This article examines the relationship between the state and the Catholic Church in Wenzhou in contemporary China from the perspective of institutional theory. There have been four phases of interaction between the state and the Catholic Church between 1980 and today, namely, religious restoration, tightened control over religion, the management of religion and limiting religious influence. During these phases, the state coerced the Catholic Church to adhere to its policies on religious institutions but also made concessions with the Catholic clergy during negotiations. In response to the state’s institutionalization of religion, the Church engaged in accommodation, negotiation, confrontation and resistance. More recently, the Church has adjusted its political position, moving towards increased resistance against state institutions. The article concludes with a discussion of the political implications of the church–state model in Wenzhou for religious freedom in China, reflecting the usefulness of institutional theory in Chinese society.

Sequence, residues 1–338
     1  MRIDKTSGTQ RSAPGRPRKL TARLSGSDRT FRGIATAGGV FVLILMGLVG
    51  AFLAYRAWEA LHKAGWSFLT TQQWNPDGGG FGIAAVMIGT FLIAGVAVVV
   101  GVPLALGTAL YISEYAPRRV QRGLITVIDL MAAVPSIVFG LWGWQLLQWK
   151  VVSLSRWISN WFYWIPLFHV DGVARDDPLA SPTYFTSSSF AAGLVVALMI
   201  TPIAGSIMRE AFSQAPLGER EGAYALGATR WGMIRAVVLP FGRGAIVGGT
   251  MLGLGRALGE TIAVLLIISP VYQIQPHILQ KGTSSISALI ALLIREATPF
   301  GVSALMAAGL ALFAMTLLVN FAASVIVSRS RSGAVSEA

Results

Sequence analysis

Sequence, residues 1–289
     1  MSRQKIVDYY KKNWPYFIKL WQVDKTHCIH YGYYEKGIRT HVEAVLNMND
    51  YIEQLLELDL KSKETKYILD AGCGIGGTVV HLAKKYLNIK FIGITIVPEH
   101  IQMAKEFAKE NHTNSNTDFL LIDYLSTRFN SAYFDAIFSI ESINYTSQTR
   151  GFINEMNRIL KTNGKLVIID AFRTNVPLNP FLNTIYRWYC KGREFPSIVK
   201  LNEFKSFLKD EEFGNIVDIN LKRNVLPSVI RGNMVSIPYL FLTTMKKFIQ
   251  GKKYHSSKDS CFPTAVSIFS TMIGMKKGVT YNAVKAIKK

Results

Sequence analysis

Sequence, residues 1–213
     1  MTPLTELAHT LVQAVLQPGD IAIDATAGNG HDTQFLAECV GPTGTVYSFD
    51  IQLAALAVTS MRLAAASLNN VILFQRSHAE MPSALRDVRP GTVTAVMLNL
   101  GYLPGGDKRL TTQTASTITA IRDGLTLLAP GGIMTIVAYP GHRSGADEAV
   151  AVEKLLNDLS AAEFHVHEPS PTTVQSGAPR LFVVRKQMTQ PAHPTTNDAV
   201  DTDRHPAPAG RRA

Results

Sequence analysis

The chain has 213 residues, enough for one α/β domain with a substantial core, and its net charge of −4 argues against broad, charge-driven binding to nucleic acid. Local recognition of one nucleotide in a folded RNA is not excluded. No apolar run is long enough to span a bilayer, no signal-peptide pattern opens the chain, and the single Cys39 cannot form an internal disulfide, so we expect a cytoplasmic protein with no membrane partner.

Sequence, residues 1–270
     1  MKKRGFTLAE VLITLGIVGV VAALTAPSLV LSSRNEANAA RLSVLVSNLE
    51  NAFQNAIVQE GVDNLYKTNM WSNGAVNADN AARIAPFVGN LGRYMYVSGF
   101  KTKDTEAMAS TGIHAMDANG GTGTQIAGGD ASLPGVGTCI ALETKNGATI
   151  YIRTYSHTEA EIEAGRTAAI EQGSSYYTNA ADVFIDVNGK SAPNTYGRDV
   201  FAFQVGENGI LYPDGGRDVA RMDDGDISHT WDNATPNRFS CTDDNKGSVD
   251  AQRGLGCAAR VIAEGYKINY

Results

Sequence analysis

Scopus Subject Areas
- Sociology and Political Science
- Catholic Church
- church–state relations
- institutionalization of religion